Molly Marine

A statue of a Woman Marine located in New Orleans, LA. The first statue of a woman in military service in the United States.

Montezuma Red

The crimson color of the Blood Stripe on the dress uniform of Marine commissioned and noncommissioned officers. Also the color of the lipstick worn by early Women Marines, the color of the rope chin strap on the current female garrison cover and the rope worn by female Drill Instructors before they were authorized to wear the "hat"..

Montford Point

A section of Camp Lejeune, NC at which black Marines were trained during World War II. Prior to that time there were no black Marines.




An indigenous female in Korea or Vietnam who served as a mistress to a Marine while in the country. They would maintain an off-base home environment and sex for a small payment and black market supplies.


An ancient field weapon that fires a projectile in a high arch to reach an impact point.


Military Occupational Specialty.

  Motivation Platoon

  See PCP

Motor T

Motor Transport. Present and former motor transport personnel can join the USMC Motor Transport Association.

  Mount Motherfucker

  A hill on Camp Pendleton over which recruits must run or march to complete the Crucible.

Mount Up

A cavalry term meaning to mount your horse and prepare to move out. In the infantry it is often said "mount out" and means to go into battle or begin a march or some similar event.


Military Police. At one time an additional duty, now a professional MOS with both guard and law enforcement responsibilities.


Military Pay Certificates. Script issued instead of dollars to Marines in Japan (following WWII) and Vietnam (during that conflict).

Mr. Charles

(Vietnam) A Viet Communist soldier. Usually called Charlie.


Meal, Ready to Eat. Often called Meal that Refuses to Exit. See C-Rations.


Marine Security Guard. See Embassy Marine.


MEU Service Support Group, Combat Service Support Element of a MEU.

Mud Marines

(World War II and Korea)A term used by Marine aviation personnel to identify infantry Marines.


Designated an M274 and used around the Vietnam period it was little more than a platform on wheels, with a two-cylinder opposed Tecumseh engine started with a pull-cord just like your power lawnmower. It has four-wheel drive and steering and could be driven by a Gyrene lying prone for a low profile. And it could carry, literally, a ton of supplies or be mounted with M60 mortars, small cannon or the 106mm recoilless rifle. The mule was retired due to the faulty design of the tires and lack of proper protection for the driver.


A vehicle designed to use multiple types of fuel including gasoline, diesel or jet fuel. See Deuce and a Half.

Mundy Jr., Carl E.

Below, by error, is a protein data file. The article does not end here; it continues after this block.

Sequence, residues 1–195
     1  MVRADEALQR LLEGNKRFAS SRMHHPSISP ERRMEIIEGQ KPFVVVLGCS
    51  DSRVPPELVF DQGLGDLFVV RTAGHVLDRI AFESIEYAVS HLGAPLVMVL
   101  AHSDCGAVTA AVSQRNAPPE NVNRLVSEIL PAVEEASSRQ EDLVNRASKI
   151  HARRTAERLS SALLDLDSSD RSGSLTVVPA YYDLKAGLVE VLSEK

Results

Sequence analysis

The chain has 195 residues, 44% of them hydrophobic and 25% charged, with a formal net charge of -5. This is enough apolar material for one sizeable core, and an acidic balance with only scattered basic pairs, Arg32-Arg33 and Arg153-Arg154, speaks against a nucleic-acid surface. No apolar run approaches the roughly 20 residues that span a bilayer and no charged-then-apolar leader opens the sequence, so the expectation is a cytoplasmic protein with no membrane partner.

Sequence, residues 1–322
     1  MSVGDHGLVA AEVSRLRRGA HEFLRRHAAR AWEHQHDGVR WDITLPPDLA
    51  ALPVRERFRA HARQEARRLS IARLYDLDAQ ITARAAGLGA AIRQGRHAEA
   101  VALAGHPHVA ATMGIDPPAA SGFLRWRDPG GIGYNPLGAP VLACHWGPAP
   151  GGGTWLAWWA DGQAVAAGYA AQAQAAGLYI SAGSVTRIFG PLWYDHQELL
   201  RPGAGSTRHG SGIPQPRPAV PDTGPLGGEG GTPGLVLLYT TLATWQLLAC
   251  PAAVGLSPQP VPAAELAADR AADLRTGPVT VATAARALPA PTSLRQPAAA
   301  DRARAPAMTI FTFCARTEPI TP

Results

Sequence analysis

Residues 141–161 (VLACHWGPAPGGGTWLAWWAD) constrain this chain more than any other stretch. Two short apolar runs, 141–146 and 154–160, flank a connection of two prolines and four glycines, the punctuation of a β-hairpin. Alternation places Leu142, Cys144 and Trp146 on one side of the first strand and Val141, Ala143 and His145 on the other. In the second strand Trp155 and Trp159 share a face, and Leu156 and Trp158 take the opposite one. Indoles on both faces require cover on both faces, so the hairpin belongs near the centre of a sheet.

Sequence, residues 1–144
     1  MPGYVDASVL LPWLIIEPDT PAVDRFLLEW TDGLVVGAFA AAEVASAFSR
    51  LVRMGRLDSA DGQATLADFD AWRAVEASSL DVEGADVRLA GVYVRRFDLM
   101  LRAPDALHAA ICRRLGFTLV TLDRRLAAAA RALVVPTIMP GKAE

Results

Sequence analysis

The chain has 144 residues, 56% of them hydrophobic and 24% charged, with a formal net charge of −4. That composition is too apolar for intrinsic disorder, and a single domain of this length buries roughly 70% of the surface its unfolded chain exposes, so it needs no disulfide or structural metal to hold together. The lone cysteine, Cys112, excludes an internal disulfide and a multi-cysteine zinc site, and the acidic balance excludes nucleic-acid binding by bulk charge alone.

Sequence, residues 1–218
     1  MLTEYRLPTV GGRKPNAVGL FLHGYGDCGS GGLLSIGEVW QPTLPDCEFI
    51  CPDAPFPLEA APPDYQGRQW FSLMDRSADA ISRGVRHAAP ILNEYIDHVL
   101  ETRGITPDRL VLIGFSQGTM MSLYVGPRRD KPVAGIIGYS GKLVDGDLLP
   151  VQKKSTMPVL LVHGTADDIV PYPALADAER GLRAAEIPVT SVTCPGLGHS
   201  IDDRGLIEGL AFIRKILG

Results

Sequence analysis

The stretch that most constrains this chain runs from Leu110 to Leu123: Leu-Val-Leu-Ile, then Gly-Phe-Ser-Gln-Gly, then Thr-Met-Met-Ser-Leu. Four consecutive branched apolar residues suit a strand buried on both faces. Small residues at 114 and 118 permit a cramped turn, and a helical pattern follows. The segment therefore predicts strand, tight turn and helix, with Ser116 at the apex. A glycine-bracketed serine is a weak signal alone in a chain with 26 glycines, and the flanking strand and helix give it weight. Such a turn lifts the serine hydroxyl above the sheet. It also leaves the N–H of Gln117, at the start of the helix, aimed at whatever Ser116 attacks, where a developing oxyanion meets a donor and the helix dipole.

Thirtieth Commandant of the Marine Corps serving from July 1, 1991 until June 30, 1995. The native Georgian was born July 16, 1935.  Until 2000 he was chairman and CEO of the USO (United Services Organization) and is presently chairman of the Marine Corps University Foundation.  He is a combat Marine with two Combat Action Ribbons and a Purple Heart Medal.  His personal awards include Distinguished Service Medals from the Department of Defense, Navy, Air Force and Coast Guard as well as a Legion of Merit and a Bronze Star Medal with "V" device for valor.


A commissioned officer who served previously as an enlisted person.

Mutter, Carol A.

The first female lieutenant general (three stars) in the Marine Corps and the second female three star in the U. S. military in 1996.


A Yahoo group open to parents, friends, relatives and sweethearts of Marine recruits. It is an on-line support group run by people who have been in the same position. They provide honest, un-filtered, supportive advice during the 13 weeks that are Marine Boot Camp. It is free and moderated. to another web site with more info. additional reading on this topic.


Custom Search


NAVIGATE THE DICTIONARY - Numbers ¦ A ¦ B ¦ C ¦ D ¦ E ¦ F ¦ G ¦ H ¦ I ¦ J ¦  K ¦ ¦ ¦ ¦ ¦ ¦ ¦ ¦ ¦ ¦ ¦ ¦ ¦ ¦ ¦ Z
Home Page ¦ Dictionary Cover ¦ Marine Quotes 

© Glenn B. Knight, 2002-2011

Portions of this dictionary and its associated list of quotations may be quoted without further permission of the copyright holder so long as an appropriate citation is given. Citation should include "Unofficial Unabridged Dictionary for Marines" and the URL from which the quote is taken.

Please send additions, corrections, changes, modifications to
Send Complaints to anyone in the world but me, 'cause I don't really care. I'm doing the best I can with what I have and most folks seem to like it.

Semper Fi